Heading South: Latitude 38's Guide to Sailing and Cruising the Coast of Mexico and Central America
The Baja Ha-Ha is the 750-mile cruisers' rally from San Diego to Cabo San Lucas, with R&R stops along the way at funky Turtle Bay and spectacular Bahia Santa Maria.
The Latest Cruising News
If you are meandering south this season with your eye on the start of the Baja Ha-Ha, you’re probably contemplating a slip or mooring. San Diego has been called one of the most cruiser-friendly cities on the West Coast, as our editor-at-large Andy Turpin found out when he passed through in early 2018. “In addition…Read More
You never know where you’ll end up if you put your name on the Latitude 38 Crew List. Bill Nork’s recent success with the Crew List took him to the Marquesas.Read More
It’s easy to get complacent about things like a Category 1 hurricane when you’ve recently witnessed, at a distance, the impact of a Category 5. However, if you’re in the path of a Cat 1 or even a tropical storm, complacency is the last thing you want. Hurricane Lorena brushed along the coast south of…Read More
Following Monday’s story on the amazing escape of Josh and Christina from Hurricane Dorian, we find ourselves in the peak of hurricane season with other threats looming. Hurricane Humberto is moving toward Bermuda, and Tropical Storm Jerry has formed just to the east of the Leeward Islands, and is expected to reach hurricane strength before reaching the islands…Read More
It could be you. We’re now up to entry 148, and with the addition of the Hunter Passage 42 Dakota, have two more boys, 11 and 7, in the fleet. For those of you headed south with kids this winter, that means we’re close to 20 kids slated to be in the fleet. The latest entry…Read More
By Richard Spindler, Founder of Latitude 38 and Grand Poobah of 26 Baja Ha-Ha's, with help from Patsy Verhoeven, vet of 12 Ha-Ha's.
Why Cruise Mexico?
Walk the docks of any marina from Vancouver to San Diego this summer and you're likely to find dozens of sailors fitting out their boats for extended cruising. Where are they headed? While some undoubtedly have lofty dreams of eventually cruising the South Pacific, the Caribbean or the Med, destination numero uno for almost all of them is Mexico.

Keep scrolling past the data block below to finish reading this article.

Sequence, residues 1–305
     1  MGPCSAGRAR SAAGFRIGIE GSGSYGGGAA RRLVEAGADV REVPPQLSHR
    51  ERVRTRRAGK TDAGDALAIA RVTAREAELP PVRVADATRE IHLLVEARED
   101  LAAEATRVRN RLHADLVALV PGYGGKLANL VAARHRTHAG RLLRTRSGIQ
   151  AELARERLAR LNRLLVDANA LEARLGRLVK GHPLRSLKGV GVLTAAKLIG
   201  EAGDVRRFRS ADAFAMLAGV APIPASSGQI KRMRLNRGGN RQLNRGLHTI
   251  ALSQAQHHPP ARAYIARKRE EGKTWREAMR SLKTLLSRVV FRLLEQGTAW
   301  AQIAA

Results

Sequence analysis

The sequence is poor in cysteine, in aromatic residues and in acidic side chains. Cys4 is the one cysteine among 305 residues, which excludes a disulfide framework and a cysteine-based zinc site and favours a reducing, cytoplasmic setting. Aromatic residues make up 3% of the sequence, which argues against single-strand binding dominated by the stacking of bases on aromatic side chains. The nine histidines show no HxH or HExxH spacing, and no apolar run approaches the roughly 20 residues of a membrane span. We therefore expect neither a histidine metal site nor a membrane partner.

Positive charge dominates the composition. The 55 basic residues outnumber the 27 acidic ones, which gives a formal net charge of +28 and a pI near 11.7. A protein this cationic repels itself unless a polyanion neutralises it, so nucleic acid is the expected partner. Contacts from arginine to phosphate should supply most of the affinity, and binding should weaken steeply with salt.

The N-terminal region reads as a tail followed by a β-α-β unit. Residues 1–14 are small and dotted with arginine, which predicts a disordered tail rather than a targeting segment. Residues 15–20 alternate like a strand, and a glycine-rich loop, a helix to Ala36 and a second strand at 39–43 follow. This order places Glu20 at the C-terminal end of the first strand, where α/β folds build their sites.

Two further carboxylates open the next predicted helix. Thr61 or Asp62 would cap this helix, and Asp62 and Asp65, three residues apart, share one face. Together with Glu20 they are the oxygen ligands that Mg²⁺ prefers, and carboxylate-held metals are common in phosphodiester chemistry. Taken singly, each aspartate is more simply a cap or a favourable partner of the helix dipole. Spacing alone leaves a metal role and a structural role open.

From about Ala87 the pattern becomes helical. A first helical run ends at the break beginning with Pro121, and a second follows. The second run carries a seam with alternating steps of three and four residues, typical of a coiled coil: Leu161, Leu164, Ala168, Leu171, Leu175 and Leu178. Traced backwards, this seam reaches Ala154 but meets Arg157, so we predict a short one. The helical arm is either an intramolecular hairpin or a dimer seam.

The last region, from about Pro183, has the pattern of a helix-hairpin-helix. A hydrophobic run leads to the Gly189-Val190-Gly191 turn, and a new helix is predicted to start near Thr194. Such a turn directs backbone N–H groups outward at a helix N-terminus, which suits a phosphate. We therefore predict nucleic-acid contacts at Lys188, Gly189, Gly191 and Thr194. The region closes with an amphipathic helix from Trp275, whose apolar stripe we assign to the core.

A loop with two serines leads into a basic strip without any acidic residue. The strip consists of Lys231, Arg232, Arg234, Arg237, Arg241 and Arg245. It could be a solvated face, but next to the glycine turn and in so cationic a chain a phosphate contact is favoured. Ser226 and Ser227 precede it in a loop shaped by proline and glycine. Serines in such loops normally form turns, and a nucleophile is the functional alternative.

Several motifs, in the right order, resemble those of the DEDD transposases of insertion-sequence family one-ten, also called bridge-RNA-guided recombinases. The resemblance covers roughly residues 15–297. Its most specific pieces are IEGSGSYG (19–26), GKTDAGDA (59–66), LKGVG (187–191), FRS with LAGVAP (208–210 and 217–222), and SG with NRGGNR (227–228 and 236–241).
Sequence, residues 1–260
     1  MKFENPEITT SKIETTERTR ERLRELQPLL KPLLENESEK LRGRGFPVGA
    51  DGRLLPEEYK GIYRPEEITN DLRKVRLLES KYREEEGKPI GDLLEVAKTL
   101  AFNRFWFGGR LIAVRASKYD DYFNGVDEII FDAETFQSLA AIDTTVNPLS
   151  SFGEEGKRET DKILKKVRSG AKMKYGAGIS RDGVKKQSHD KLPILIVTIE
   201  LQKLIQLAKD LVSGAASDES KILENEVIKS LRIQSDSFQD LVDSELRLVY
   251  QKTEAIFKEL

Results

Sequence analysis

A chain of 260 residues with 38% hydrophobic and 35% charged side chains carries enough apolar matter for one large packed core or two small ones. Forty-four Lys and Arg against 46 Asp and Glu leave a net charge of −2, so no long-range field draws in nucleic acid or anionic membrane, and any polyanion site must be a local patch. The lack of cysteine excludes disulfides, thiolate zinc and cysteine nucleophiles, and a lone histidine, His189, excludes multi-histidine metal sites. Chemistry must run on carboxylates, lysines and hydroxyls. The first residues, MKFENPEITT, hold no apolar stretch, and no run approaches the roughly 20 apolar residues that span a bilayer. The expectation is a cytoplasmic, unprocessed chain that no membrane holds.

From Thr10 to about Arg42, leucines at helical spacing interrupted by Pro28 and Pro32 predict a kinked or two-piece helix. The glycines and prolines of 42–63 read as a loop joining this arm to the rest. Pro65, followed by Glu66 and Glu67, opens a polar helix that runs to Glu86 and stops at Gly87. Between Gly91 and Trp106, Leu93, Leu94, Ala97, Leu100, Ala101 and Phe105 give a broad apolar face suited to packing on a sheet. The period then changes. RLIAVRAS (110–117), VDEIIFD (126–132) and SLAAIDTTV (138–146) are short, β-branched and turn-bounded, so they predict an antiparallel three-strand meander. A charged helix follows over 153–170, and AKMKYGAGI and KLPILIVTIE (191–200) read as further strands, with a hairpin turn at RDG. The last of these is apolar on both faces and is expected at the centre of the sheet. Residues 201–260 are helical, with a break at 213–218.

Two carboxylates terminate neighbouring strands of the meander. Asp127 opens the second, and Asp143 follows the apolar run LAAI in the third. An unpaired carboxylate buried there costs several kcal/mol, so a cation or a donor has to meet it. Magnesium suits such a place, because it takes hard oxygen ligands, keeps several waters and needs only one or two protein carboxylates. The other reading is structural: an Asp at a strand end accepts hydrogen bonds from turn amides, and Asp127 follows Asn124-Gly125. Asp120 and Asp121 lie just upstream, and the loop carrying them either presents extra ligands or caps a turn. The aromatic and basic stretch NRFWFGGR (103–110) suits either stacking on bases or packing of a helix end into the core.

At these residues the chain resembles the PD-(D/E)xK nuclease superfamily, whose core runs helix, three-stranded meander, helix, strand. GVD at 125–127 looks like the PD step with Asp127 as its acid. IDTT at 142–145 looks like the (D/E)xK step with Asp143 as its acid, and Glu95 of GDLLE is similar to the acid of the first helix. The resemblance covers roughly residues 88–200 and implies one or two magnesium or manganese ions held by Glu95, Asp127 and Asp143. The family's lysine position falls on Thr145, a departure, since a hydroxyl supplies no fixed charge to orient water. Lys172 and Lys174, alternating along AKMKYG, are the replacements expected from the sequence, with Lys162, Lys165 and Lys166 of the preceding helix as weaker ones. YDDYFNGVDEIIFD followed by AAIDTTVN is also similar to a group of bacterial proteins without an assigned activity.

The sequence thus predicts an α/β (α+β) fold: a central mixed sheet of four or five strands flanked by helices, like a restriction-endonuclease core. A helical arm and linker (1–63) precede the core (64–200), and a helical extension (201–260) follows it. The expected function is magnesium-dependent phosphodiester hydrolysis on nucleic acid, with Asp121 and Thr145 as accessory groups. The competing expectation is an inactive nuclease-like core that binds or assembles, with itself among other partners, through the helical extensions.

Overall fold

A centuries-old adage claims, "You can tell a lot about a sailor by the cut of his jib." But when it comes to modern cruisers, nothing reveals more about their sailing style than the 'back porch' of their boat. That is, the stern section, which may house everything from solar panels to surfboards, and barbecues to radar domes.
One of the frustrating aspects of living in this 'app-happy' era of endless innovation is that is it seems almost impossible to keep up with the latest, greatest developments in technology — including smartphone, tablet and computer software related to boating.
Now more than ever, the modern sailor has lots to choose from when it comes to navigation and safety instruments. Communication devices such as the Iridium GO! and Garmin inReach (which also has GPS capabilities) have complemented the single-sideband radio and VHF. Chartplotters have digitized and dramatically simplified navigation, and radar has long been an important tool for identifying marine traffic, obstacles and weather.
With the ever-expanding assortment of communications devices designed for offshore sailing, comes the dilemma of deciding which ones belong on your 'must-have' list, and which ones you can live without — especially if you're on a limited budget. With that in mind, we'll share some tips and insights here that we hope will reduce your befuddlement.
Despite several advances in offshore voice communications such as satphones, marine single sideband (SSB) isn't going away anytime soon. That's because SSB, unlike satphones, allows an unlimited number of people to listen to a transmission at the same time.
You don't have to own a fully equipped 50-ft cruising boat to enjoy the spectacular Sea of Cortez, a vast, sparsely developed wonderland for sailors and adventurers.
Latitude reader Derek Rice and a buddy recently had big fun tapping into the region's magic aboard a 44-year-old Catalina 22 daysailer.